We ended the interview with his top 5 films. ‘That’s a hard question to answer. So many favourites. So many! I would have to say Halloween (1978) because it has been one of my favourites for so long, The Ninth Gate, Moon, Seven , and to mix it up Nacho Libre. The list goes on and on with films like Empire Strikes Back, The Abyss, Contact, Alien, Event Horizon, Inglorious Bastards, Kill Bill, Django, Close Encounters of the Third Kind, Tropic Thunder and The Secret Window’

Interview: Found

An intriguing insight into my personal favourite film of the festival

One of the highlights of day two of Lift-Off was Found, a truly fantastic thriller about a man who spent ten years searching for his kidnapped daughter. I had the privilege of interviewing director Richard Hughes about his film, if you’d like to read a review of this short before progressing to the interview click here.

What makes the short worthy of even more praise is the fact the story is entirely original and not adapted from a book or real life events. ‘We took inspiration from films like Denis Villeneuve’s Prisoners and Man on Fire’ he told me. ‘Dave Christian and I actually wrote the film back in 2015, whilst on a road trip through Montana in the United States’.

Going through the process of turning their idea into the finished product, they found the whole process raised very few issues. ‘We were confident in our script and found it was flowing well with the actors. As a result, we are able to shoot the film without any changes.’ The shoot was not without its problems though as he went on, ‘it was touch and go during the final scene when the house was set on fire. With wild winds on the way, the Fire Brigade we close to shutting down the filmset which would’ve resulted in a totally different ending to the script’.

Hughes demonstrates his fantastic ability to control tension throughout the film with it being a large factor in making it so gripping. He takes inspiration from directors such as the Coen Brothers and Denis Villeneuve who seem to have a deep understanding of tension. ‘A technique they have mastered is to introduce it during silence. This technique, along with visuals to play out tension and suspense is a film craft that I want to execute’

Alongside tension, Hughes also has great cinematographic skill extending past this short and covering all of his projects. ‘I think I’m a very visual director. I loved photography from a young age and always have a camera by my side. I love exploring the technique of ‘Mise en Scene’, or hidden meanings that may or may not be visible to everyone in the audience but can sway a viewers mind subliminally through framing, props and wardrobe. It can be powerful and used with boundaries.’

Away from the craft of the film, the cast deserves high praise for their performances. I asked if they two lead actors Richard Cawthorne and Shane Connor shared the vision or whether there were bumps along the way. ‘They did share the vision, both were extremely passionate about the film’ he said. ‘In particular I learnt a lot about directing performance with the lead Richard Cawthorne. He used a method approach, which is basically when an actor aspires complete emotional identification with the part.’ This, while a new experience for Hughes, lead to a great partnership. ‘Although emotionally taxing, we definitely connected on another level through the shoot. It felt as though we were inside our own intimate bubble, allowing us to break down his character’s motivations without influence’.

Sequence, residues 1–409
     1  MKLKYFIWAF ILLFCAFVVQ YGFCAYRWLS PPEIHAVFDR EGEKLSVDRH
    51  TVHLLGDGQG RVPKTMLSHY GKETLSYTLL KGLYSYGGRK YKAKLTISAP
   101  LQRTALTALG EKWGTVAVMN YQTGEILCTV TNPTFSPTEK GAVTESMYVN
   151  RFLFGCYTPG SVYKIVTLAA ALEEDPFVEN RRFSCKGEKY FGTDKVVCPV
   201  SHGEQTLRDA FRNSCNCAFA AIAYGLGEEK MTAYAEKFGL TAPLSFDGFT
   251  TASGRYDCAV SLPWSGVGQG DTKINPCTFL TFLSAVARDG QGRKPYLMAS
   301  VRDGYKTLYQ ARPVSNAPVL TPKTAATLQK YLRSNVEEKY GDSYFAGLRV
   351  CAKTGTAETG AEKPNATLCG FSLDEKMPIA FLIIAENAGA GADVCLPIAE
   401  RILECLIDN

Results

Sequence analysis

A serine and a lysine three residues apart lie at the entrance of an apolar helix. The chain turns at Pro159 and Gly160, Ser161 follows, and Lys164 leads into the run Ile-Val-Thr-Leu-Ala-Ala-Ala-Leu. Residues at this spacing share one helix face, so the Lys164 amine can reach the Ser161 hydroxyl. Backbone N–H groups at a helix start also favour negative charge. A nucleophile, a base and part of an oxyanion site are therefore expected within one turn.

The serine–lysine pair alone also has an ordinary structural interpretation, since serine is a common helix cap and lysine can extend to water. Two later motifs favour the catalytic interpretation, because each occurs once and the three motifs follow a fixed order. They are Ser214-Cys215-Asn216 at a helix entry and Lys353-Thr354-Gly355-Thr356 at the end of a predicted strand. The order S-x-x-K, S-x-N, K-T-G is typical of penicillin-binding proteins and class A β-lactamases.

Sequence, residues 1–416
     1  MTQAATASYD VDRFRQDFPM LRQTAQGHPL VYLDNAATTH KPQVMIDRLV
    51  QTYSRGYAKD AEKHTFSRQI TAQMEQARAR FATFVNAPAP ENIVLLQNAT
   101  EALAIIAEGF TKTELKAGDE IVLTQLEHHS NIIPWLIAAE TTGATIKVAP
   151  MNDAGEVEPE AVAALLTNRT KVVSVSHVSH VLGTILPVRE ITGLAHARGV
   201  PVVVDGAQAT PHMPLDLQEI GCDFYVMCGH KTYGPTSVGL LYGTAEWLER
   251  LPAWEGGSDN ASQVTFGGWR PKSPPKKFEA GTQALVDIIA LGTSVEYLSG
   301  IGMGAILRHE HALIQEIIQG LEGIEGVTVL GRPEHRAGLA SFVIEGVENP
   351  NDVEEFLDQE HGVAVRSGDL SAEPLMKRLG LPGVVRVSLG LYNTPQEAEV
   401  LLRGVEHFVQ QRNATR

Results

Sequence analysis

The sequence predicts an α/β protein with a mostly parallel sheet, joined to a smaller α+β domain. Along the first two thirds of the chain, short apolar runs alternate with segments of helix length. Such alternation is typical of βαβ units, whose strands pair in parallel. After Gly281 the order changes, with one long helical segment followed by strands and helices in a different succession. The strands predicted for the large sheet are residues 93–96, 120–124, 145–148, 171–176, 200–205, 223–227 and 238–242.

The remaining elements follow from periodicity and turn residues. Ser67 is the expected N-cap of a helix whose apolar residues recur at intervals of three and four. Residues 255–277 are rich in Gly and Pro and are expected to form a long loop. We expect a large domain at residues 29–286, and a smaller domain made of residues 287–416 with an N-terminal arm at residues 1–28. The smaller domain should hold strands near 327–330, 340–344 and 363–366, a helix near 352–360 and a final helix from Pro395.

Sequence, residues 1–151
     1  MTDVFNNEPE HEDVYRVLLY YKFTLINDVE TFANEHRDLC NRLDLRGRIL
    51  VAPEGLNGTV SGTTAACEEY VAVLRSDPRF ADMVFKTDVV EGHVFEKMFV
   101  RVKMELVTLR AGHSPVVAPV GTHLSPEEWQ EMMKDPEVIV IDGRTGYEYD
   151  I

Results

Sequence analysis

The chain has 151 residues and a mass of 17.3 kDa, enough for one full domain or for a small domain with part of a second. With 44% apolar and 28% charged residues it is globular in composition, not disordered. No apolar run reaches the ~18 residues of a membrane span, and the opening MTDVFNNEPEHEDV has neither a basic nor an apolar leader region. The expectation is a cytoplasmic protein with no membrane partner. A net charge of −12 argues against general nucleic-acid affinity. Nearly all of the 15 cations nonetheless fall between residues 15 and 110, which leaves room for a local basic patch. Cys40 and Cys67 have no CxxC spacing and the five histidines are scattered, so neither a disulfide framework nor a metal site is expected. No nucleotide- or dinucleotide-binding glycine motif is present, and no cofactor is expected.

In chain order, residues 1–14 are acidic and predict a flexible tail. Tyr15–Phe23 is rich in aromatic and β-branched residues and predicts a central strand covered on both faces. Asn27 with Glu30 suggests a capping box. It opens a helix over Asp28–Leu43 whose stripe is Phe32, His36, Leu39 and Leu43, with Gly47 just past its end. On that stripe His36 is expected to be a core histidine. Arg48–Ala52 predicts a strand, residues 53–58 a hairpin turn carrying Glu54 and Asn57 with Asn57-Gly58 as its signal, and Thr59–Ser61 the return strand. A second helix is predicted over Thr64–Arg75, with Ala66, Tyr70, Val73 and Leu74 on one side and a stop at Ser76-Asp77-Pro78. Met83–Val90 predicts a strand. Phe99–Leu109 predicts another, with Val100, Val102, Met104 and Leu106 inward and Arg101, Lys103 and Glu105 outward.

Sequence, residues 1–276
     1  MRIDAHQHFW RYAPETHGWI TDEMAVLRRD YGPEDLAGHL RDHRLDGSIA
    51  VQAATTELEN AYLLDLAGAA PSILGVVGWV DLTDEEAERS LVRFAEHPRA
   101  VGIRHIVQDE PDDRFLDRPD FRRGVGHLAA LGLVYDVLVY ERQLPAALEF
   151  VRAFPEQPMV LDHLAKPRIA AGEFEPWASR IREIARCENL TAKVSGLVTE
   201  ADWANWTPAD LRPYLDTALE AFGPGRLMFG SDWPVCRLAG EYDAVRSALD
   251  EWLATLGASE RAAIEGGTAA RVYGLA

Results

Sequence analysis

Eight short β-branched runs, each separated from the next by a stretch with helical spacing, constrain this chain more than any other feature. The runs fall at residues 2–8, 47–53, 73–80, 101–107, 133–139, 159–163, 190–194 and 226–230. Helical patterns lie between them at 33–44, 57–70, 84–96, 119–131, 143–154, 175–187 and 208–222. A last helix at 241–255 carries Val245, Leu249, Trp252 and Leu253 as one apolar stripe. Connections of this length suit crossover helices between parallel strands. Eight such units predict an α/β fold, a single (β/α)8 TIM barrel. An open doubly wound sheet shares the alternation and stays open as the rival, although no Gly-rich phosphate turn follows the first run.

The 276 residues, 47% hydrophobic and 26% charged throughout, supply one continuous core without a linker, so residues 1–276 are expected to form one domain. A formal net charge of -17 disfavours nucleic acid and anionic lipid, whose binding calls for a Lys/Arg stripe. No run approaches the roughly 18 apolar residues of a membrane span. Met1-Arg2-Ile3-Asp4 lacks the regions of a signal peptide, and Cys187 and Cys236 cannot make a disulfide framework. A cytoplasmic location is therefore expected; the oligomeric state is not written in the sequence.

In a look to the future, I asked what film he would make, given free range and budget. ‘As a young child I was obsessed with cowboys and pirates. I have always had a dream to make a gutsy pirate film with no frills and true grit. An honest, dark and disturbing portrayal of how these fascinating barbarians rule the seas.’ For now though he is working on transitioning from short to feature film. ‘We have dreams of one day turning this film into a feature length. Currently we have a two feature scripts and we’re pursuing both. The other film is a modern day pirate film ‘Friday Freedom’. His dream of a pirate film may not be out of reach.

Finally, I ended by asking his top 5 films of all time and unsurprisingly the Coen Brothers and Villeneuve both feature in the form of No Country For Old Men, The Big Lebowski and Sicario. The rest of the top 5 is made up of Leon and The Truman Show.

Click here to go back to the Lift-Off Homepage to check out more reviews and interviews

Manchester Lift-Off 2017: Local Filmmaker’s Showcase (2/2)

The final shorts from this years festival

Soldier Bee

After being victim to an IED (improvised explosive device), Jodie Baxter returns from Afghanistan to her family in the U.K, physically and emotionally damaged. This short succeeds in demonstrating that the cuts made during war are deep, and very rarely heal.

The young woman feels disconnected from the world around her, unable to breach the unfamiliar gap with her husband and feeling hopelessly distant from her adolescent daughter. Soldier Bee is a brutal short, managing to be incredibly well shot yet making the viewer feel constantly anxious and uncomfortable. One scene in particular conveys Jodie’s irrational behaviour, due to having her life now wrecked forever with mentally troubling memories.